CAN ARCHITECTURE MAKE US MORE POSITIVE?
Date recorded: 15 January 2018
I think we have to, at some point, concede that if we are to care about others and everybody else’s needs are as important as ours, that we have to give something up. We all give something up in the interest of the common good.Shaun Lockyer
There is no doubt that I feel better when outside, when there is sunshine. There is also no debate that Seasonal Affective Disorder (SAD) is a recognized phenomenon. Medically, there is scientific logic and evidence that light promotes the production of neurotransmitters such as melotonin and serotonin thereby regulating sleep/wake cycles and mood respectively. Then what about our artificial, constructed surrounds? Can the spaces we create affect our mood and our biology in a similar way? It seems that this topic can touch on a point of debate in the world of architecture and medicine.
Past, catastrophic failures in architectural social engineering (eg Pruitt-Igoe housing complex) have left many somewhat gun-shy about ambitious social manipulation. More to the point, healthy architecture is seen as expensive and superfluous. In bureaucracy, the end goal is completion of something on budget rather than the long term effect of that something. In other words, the “end user” is the bureaucrat more senior than you, rather than the grieving daughter mounting a desperate bedside vigil at the bedside of their critically ill parent.
So it may follow that if my house is well designed, I will therefore be happy.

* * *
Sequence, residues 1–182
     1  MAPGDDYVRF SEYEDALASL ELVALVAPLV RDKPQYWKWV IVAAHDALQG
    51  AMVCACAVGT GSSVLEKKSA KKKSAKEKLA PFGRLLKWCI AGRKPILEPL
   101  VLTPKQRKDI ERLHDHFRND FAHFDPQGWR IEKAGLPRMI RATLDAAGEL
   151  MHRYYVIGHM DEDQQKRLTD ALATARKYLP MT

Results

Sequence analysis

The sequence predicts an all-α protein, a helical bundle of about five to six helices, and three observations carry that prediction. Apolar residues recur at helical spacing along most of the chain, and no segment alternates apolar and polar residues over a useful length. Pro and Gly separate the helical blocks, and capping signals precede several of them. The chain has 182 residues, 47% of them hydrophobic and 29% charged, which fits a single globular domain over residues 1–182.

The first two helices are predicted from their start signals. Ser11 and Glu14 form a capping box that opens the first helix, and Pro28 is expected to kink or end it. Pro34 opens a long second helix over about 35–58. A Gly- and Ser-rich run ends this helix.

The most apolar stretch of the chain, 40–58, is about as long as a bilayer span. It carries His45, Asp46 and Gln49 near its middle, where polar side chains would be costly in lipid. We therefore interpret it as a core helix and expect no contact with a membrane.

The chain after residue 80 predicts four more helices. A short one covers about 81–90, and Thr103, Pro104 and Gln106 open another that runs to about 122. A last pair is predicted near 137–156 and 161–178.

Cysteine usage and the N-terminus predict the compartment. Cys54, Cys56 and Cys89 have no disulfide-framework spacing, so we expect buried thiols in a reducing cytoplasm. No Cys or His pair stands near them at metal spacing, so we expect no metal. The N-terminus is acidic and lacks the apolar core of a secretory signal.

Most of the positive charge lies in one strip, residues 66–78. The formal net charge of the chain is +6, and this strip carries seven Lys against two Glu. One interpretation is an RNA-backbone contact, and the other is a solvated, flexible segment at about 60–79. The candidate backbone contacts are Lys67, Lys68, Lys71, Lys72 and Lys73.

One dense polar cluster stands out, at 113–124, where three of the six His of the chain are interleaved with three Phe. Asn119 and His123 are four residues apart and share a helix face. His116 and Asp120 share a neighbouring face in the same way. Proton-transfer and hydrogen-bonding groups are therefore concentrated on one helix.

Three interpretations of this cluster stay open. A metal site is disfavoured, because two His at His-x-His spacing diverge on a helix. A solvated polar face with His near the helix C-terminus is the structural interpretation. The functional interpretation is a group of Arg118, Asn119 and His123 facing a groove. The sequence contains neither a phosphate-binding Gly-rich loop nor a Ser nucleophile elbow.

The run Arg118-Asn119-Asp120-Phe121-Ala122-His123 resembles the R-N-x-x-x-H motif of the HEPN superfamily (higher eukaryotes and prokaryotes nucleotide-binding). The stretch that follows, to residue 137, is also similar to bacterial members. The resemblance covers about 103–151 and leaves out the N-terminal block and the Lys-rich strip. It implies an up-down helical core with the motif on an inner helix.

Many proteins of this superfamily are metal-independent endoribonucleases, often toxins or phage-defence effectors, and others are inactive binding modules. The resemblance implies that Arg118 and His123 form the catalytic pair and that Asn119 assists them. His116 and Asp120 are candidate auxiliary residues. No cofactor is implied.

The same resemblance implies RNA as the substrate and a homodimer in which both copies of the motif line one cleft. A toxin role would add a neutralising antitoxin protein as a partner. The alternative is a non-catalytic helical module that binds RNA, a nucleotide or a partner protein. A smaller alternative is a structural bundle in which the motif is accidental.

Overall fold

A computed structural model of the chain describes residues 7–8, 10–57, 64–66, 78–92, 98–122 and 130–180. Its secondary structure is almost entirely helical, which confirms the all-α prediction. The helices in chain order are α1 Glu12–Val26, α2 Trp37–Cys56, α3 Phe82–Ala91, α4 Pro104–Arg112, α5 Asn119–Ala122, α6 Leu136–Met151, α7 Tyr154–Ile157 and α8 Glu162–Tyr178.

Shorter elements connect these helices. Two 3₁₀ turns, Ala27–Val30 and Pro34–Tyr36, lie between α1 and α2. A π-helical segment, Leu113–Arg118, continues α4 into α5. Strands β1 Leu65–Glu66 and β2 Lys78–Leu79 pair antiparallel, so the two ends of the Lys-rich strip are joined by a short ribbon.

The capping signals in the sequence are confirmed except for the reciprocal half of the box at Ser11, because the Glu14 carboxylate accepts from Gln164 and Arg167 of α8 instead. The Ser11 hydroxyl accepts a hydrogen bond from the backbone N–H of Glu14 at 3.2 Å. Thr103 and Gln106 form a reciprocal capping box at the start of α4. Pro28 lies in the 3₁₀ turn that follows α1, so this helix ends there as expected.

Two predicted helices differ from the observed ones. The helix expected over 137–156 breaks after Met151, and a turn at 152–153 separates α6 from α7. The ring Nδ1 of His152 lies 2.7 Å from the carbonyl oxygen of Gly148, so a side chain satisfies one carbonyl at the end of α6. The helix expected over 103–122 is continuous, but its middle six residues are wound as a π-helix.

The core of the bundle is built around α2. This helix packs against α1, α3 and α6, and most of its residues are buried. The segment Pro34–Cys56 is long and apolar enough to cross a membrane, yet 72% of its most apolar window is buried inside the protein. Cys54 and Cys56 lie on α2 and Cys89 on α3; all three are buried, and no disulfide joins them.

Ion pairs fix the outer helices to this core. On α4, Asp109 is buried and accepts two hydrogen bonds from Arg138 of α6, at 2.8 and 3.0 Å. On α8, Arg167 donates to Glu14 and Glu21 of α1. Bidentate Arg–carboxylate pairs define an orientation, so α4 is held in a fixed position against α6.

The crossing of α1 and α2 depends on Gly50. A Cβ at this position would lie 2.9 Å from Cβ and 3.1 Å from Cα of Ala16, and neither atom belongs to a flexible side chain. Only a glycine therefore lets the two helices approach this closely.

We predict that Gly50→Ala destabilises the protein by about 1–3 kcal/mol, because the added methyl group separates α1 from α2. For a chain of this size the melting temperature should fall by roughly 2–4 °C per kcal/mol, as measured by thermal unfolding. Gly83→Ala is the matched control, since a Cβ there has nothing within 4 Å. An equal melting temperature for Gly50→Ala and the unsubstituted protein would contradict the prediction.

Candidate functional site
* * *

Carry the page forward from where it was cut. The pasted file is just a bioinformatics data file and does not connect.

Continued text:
Throughout history one might argue that trends were so steadfastly desired that one could not possibly be happy if
More to the point, am I happy because I have a house that is larger than my neighbor, or because it has a pool room, or am I happy because the physical space itself appears to my biology. Where is the line between a psychological response and a physiological response?
Shaun Lockyer is one of Australia’s most prominent architects. He has many years of experience in the profession and an impressive portfolio of work.
Perhaps it is no accident that Shaun’s wife, Julie, is also a psychologist.
Born and raised in South Africa, Shaun Lockyer is now arguably one of Australia’s best architects.
We talk about routine and how to combat it with mindfulness
We are all susceptible to falling into a trap of perceived or actual monotony if not conscious about our daily activity. We are programmed to seek new experiences and stimulation. For some, this does not come naturally. I was interested that someone so undoubtedly at the top of their game, like Shaun, could be experiencing the same sense of “routine” as I was.
Without intending it to, we drifted into a recurring theme in the podcast, that of self-determination and looking after yourself.
Summary of topics covered:
Dealing with daily routine
The hierarchy of needs
What is success and is there an “endpoint”
Can Architecture change your life?
Is budget everything in Architecture?
The physical effects of Architecture
Realising your own fulfilment and values.
Money and happiness. How much is enough.
The psychology of Architecture.
The consequences of high density development.
Considering functional implications of buildings and development.
Funding positive Architecture.
The importance of positive memories.
Improving the quality and sustainability of development and public spaces.
Question: Are you chasing what you want or what you need? Do you want a bigger roof or a roof that doesn’t leak?
Please enjoy this conversation and leave a comment.
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Until next time.
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OTHER NOTES AND LINKS AND STUFF
Background, Context & Reference:
I mention my interview with Dr Walter Wood. All will be revealed but he did, in fact, win a Christmas lights competition 21 years in a row (not 7 as I guessed in this podcast).
http://www.jamesst.com.au/about/ | https://www.facebook.com/jamesstbne/
Notable People Discussed in today’s podcast:
Dr Walter Wood
Related podcasts you might enjoy:
The Undercover Architect spoke with Shaun in 2017: https://apple.co/3d7ZqKZ
All website production and sound design this week by me, again.
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